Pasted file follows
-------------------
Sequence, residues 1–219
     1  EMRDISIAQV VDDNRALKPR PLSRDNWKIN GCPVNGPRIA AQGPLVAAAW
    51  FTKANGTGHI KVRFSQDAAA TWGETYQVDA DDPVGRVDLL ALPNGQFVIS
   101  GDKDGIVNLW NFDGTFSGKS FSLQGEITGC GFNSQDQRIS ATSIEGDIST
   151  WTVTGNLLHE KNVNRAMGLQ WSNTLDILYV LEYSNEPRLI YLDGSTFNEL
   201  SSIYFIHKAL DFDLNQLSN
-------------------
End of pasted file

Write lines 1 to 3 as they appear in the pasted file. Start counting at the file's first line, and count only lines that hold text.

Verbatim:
Sequence, residues 1–219
     1  EMRDISIAQV VDDNRALKPR PLSRDNWKIN GCPVNGPRIA AQGPLVAAAW
    51  FTKANGTGHI KVRFSQDAAA TWGETYQVDA DDPVGRVDLL ALPNGQFVIS